This story was originally published in February 2021.
Beans are a homecooking super ingredient: inexpensive, nutritious and — most importantly — versatile.
Whether canned or dried, there is a wide variety of beans available at the grocery store, just waiting to be cooked. If you do choose dried though, it’s important to know how to prepare dry beans.
And once you have your beans ready to go, here are 11 recipes with beans that you can use for cheap, delicious and filling meals.
Roasted root vegetable pasta with tomato and cannellini beans
Creamy, protein-packed cannellini beans can transform pasta dinners into something more hearty. This recipe combines them with tomatoes and a melange of root vegetables. They’re roasted and seasoned simply with salt and pepper to create a delicate but filling dish perfect for lunches, dinners and so much more. Try this recipe for roasted root vegetable pasta with tomato and cannellini beans to see for yourself.
Lentils and sausage with stewed tomatoes
Muddy-looking lentils may not be the prettiest bean, but they are adaptable, cheap, high in fiber and nutrient-dense. They also soak up the flavor from spices and aromatics like garlic and onions and hot peppers. For meat eaters, sausage or even kielbasa can be added whole or cut up in chunks and distributed through the cooked, seasoned lentils in this delicious recipe for lentils and sausage with stewed tomatoes.
Refried black beans
Refried beans are easy to make — simply soak your beans (or buy them canned), cook them in onions and fat, mash them up and add seasoning. Once they are prepared, you can make a nacho supper, with tortilla chips sprinkled with cheese run under the broiler, a spread of salsa and some sour cream, or a taco supper with all that same stuff plus shredded carrots and lettuce in a taco shell. Or, make a dip out of the refried beans by pureeing it in a food processor with olive oil. Here’s how to make homemade refried black beans for whatever purpose you may want to use them.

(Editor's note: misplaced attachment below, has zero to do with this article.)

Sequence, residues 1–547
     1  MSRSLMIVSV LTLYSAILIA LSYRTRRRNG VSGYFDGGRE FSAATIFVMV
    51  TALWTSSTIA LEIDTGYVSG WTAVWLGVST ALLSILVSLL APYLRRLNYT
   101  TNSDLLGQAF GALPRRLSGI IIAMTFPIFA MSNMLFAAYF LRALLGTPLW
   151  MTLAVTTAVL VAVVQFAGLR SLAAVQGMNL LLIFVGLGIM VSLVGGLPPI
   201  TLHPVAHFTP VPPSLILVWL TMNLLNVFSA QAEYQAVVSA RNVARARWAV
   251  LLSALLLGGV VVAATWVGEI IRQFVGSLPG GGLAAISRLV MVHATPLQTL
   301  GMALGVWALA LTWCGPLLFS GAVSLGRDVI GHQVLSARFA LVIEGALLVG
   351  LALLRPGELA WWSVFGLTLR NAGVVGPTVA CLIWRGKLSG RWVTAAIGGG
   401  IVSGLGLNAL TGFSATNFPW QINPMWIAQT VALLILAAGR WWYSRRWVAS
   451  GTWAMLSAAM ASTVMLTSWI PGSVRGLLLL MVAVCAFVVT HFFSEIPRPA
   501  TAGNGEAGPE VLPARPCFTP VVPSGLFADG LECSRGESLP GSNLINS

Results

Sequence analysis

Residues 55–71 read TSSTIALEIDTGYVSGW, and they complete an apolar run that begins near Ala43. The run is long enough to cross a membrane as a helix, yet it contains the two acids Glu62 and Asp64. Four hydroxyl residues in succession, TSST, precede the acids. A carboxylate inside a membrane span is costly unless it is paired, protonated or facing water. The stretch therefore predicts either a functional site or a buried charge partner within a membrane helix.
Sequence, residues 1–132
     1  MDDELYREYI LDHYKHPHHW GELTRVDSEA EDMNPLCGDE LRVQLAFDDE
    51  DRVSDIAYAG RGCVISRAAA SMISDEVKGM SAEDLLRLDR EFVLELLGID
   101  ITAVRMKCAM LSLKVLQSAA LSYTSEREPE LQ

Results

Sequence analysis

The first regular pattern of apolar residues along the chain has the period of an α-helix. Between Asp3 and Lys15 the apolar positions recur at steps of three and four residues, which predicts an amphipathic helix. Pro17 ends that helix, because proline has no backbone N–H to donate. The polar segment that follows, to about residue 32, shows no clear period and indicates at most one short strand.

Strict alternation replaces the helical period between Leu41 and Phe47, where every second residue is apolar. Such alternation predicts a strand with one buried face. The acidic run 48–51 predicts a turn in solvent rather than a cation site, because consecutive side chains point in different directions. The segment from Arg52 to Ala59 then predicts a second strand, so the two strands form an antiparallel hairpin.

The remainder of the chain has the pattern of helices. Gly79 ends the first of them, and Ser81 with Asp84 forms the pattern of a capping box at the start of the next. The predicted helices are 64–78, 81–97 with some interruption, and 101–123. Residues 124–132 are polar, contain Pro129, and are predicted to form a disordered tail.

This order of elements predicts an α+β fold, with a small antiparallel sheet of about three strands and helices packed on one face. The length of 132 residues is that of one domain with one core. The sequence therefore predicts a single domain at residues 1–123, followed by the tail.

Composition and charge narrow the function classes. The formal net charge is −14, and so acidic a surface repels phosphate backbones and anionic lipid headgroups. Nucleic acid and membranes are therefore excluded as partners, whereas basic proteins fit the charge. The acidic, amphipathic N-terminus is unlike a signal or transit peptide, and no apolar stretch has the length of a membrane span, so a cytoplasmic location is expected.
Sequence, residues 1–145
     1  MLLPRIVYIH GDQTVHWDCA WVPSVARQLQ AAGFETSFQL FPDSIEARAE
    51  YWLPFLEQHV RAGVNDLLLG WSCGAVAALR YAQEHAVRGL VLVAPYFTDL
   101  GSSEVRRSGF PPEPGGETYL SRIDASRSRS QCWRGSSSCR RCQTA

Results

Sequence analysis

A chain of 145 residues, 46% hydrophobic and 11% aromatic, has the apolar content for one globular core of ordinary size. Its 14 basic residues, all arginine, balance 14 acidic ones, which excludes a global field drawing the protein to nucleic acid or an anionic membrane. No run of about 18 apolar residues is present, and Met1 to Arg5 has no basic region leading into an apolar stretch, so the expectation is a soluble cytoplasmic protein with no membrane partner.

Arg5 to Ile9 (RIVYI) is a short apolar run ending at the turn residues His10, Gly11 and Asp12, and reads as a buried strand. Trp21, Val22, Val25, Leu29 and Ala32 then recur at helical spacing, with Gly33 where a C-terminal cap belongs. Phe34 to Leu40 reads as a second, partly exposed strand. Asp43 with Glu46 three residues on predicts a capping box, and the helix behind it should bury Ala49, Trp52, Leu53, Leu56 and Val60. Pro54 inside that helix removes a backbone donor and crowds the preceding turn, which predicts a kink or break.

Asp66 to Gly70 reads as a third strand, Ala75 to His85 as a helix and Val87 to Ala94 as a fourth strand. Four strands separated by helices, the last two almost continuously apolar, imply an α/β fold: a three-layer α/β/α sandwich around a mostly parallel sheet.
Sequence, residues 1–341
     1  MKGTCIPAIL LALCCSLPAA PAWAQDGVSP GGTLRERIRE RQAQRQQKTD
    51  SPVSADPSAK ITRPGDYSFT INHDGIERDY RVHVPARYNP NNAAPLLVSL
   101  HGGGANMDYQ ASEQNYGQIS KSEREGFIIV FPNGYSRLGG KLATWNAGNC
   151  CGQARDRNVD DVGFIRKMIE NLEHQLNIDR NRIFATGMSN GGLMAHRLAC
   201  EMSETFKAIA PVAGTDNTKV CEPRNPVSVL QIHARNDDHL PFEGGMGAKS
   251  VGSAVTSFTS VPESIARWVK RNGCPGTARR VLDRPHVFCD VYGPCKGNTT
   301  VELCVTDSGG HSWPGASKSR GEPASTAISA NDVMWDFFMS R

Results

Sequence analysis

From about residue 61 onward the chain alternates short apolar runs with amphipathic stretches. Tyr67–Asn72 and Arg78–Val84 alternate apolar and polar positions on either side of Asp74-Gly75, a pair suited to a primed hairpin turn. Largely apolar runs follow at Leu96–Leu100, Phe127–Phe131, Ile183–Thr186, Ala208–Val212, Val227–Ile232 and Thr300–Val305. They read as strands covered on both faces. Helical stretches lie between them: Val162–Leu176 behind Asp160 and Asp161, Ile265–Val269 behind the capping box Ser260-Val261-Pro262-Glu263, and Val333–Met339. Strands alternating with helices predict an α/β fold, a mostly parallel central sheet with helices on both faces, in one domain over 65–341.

Garlicky white bean soup
Water, beans, garlic, olive oil, bay leaves and lemon juice are all you need to make a great bean soup. Soak the beans and cook them until they are tender, puree half of it to make a creamy base, add salt and pepper, lemon juice to give it a bit of snap and a sprinkle of parsley for color. This bean soup is wicked wholesome and affordable, but tastes expensive and will warm you and your family right up on a cold winter night. Serve this garlicky white bean soup with crusty bread and a salad.
Mujaddara or lentil pottage
This Syrian recipe is a very simple staple porridge-like dish. It has lots of onion, is augmented by bulgur (or you can substitute rice or couscous) and calls for salt and pepper and a hearty handful of cumin, as well as a Northern African spice called ras el hanout, if you can find it. Plus, it is frugal, enough to feed three to four adults from one cup of lentils, a quarter of a cup of bulgur and two onions. Try this recipe for mujaddara, or lentil pottage, to fill your belly.
Curry vegetables and lentil rice